The original report had placed India's GDP as No.3 outstripping Japan's by 2032. The latest report goes a step further to project India in No. 2 position in the global sweepstakes of tomorrow.
Goldman Sachs' research arm said in a global research paper released on Monday that India's growth acceleration since 2003 represented a structural increase rather than simply a cyclical upturn. It said productivity growth drove nearly half of overall growth and expected it to continue for some years."
Aryabhata writes "The hacker who broke the DRM technology of HD DVDs is reported to have cracked the copy protection technology used by Blu-ray discs.
muslix64 used much the same plaintext attack in both cases. The latest Blu-ray hack was performed by muslix64 using a media file provided by Janvitos, through the video resource site Doom9, and applied to a Blu-ray copy of the movie Lord of War. BD+, the second type of content protection on Blu-ray, is yet to fall by crackers but this is something of a moot point today as the technology is yet to be widely applied on discs."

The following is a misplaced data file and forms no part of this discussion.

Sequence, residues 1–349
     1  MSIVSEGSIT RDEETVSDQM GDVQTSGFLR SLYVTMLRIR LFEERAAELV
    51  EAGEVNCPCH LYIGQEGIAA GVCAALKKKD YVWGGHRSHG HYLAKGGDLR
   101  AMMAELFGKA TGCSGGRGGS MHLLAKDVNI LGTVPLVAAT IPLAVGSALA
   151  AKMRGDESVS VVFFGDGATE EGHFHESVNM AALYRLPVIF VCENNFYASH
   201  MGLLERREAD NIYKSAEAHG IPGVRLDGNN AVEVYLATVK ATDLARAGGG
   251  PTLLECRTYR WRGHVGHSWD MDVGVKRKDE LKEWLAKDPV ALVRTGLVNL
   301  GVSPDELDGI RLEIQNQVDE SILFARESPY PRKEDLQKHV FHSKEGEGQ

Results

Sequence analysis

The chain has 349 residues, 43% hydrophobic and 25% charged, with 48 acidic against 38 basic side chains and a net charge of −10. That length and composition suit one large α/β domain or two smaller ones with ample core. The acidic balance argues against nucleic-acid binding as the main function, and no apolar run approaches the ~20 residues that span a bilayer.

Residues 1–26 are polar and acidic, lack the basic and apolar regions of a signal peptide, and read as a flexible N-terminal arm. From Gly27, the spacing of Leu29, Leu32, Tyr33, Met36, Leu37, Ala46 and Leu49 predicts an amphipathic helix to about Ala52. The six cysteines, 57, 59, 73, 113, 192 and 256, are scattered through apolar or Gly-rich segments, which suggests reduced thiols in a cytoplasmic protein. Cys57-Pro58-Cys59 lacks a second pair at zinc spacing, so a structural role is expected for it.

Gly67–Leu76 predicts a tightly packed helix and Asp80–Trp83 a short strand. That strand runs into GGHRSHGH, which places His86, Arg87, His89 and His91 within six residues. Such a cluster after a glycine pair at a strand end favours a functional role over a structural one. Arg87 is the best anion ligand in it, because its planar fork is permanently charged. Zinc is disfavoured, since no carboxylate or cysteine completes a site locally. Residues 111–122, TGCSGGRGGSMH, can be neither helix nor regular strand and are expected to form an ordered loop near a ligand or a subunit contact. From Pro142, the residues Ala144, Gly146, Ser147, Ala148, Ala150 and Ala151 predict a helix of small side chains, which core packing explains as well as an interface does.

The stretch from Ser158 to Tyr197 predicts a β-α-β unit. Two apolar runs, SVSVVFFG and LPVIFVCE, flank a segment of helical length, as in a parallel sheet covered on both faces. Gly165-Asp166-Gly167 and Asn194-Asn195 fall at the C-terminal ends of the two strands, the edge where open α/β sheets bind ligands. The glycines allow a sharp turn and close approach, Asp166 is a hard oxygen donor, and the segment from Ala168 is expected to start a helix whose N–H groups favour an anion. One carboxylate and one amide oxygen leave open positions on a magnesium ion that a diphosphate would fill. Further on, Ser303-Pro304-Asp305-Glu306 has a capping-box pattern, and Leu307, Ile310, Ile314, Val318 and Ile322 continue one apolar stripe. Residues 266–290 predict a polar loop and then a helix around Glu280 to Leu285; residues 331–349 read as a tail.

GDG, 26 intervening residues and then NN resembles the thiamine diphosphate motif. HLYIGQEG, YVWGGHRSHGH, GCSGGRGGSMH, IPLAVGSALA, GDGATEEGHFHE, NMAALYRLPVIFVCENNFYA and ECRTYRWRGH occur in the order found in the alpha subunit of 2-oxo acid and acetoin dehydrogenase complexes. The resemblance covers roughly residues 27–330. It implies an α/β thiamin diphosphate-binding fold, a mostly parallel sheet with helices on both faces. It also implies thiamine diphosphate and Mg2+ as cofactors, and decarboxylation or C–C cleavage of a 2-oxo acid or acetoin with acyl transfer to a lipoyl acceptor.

Aryabhata writes "Russian president Vladimir Putin,who will be the chief guest at the Republic Day celebrations on Friday said, "We intend to help India directly in construction of atomic energy facilities for peaceful use. Some of our companies are very much interested in acquiring large contracts for the construction of new facilities. On various occasions we have provided India with nuclear fuel and we will help in settling her problems in international affairs with the provision that Russia will abide by international obligations,""
Aryabhata writes "As per a survey from Pavillion Technologies reported in a blog on cnet.com people like the idea of ethanol and alternative fuels. The bad news is they can't find it and don't know they are using it.
As per the survey, 47 percent of Americans would pay a premium for biofuels like ethanol. 59 percent of Americans also consider dependence on foreign oil imports a big problem for the U.S."
Aryabhata writes "According to NYTimes, FARECAST, the Internet start-up that made waves last year by predicting ticket prices for air travelers, is putting its money where its mouth is. NYTimes reports on Fare Guard, a service that guarantees that an airfare listed on the site will remain valid for a week, or Farecast will make up the difference."